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CITY APPROVES: Dinner train sale to new owner

Still no sign of an ADA-accessible dining car

COLUMBIA, Mo 12/2/13 (Beat Byte) --
The Columbia City Council last month approved the sale of the controversial Columbia Star Dinner Train to B. Allen Brown, whose firm Railmark Holdings provides products and services to the railroad industry.  

Brown purchased the train from Mark Vaughn, whose Iowa-based Central States Rail Associates started the 244-passenger restaurant in 2010 with help from $65,000 in city taxpayer funds.   Controversy erupted when disability advocates discovered Vaughn would not include an ADA-accessible rail car.  Access for persons with disabilities is mandatory under the Americans with Disabilities Act for virtually all restaurants.

Vaughn claimed historic railcars are exempt from ADA requirements, so the city's disabilities commission and other groups argued he should not have received taxpayer funds, used in part to construct a new boarding platform at the city's COLT rail station.   The train runs between Columbia and Centralia.

Brown signed a new "passenger services agreement" in November that covers his use of city-owned rail tracks, warehouse, and office space.   It does not, however, provide for an accessible rail car, which has dominated news of the train almost from the time city officials announced its arrival. 

Publically arguing over the issue as late as Dec. 2012, Vaughn and dinner train manager David Tenny gave conflicting stories to reporters about when -- or if -- they would add an accessble car.  Vaughn insisted the rail car was "still possible," if only he could get more taxpayer funding.   Tenny, on the other hand, said an ADA-accessible car was not financially feasible.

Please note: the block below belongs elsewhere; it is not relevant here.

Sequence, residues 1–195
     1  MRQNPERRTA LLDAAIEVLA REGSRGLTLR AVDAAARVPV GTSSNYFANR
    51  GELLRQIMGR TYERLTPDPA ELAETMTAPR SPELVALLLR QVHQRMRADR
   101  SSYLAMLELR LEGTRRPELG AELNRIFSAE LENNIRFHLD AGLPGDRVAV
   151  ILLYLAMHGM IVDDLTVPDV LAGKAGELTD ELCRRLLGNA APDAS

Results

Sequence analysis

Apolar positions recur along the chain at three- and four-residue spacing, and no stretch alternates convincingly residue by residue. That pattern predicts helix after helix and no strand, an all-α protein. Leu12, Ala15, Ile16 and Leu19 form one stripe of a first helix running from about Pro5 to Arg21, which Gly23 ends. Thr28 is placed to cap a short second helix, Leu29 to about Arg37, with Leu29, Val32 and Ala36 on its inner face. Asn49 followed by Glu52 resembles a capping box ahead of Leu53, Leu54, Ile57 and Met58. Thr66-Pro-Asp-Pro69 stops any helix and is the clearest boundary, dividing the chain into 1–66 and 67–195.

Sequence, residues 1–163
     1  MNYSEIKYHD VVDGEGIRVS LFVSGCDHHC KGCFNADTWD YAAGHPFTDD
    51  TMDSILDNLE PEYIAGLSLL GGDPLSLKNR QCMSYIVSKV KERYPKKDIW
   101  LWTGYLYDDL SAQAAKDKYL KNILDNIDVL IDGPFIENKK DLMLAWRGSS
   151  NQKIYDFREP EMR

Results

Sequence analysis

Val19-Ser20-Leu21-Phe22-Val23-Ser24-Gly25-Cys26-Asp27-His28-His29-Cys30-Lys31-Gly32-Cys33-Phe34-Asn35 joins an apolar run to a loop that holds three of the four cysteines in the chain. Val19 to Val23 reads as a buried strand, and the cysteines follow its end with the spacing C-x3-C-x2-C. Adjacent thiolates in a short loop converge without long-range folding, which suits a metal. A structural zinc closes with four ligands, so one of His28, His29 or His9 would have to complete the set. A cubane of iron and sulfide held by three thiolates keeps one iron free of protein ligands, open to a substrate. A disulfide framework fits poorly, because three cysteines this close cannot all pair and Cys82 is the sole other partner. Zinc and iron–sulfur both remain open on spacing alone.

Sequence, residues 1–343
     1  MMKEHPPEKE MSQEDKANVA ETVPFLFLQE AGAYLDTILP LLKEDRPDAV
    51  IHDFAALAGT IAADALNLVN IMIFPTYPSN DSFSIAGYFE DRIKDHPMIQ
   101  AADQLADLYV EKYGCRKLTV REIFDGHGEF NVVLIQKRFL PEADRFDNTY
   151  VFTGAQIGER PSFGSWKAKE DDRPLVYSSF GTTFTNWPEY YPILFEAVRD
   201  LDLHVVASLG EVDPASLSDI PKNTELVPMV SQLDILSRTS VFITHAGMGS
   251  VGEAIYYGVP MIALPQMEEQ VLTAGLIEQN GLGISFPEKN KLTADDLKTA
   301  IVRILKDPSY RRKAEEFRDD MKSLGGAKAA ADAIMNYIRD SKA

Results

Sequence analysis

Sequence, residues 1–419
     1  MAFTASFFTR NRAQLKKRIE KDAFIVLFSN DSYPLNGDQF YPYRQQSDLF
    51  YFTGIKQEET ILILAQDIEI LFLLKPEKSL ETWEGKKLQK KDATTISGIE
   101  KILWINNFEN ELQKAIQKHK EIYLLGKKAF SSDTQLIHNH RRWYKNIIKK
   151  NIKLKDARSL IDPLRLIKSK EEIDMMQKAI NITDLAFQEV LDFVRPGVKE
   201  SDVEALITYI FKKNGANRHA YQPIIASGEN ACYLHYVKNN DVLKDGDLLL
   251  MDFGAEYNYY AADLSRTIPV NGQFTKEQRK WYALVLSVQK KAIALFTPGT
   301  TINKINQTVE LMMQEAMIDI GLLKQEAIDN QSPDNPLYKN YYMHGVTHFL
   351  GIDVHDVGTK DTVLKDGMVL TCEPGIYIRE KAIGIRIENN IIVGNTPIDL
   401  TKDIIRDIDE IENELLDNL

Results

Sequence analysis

"It sucks that they can’t ride,
but it’s either a small portion of people can’t ride or no one can ride," Tenny told reporters, referring to people in wheelchairs and other mobility restrictions.

The city's agreement with Columbia Star terminates in 2015, and may not be renewed without an accessible car. 

"The bottom line is if they don't make some significant steps toward meeting accessibility requirements, I think it would be somewhat doubtful whether the city would be interested in renewing an existing contract,"  Deputy City Manager Tony St. Romaine told reporters last year.

The new owner has experience operating similar trains in other states under the corporate moniker "Train Travel, Inc." according to the company website.   B. Allen Brown's flagship company, Railmark, also provides "green" solutions to railroad lines, including biodegradable lubricants. 

 
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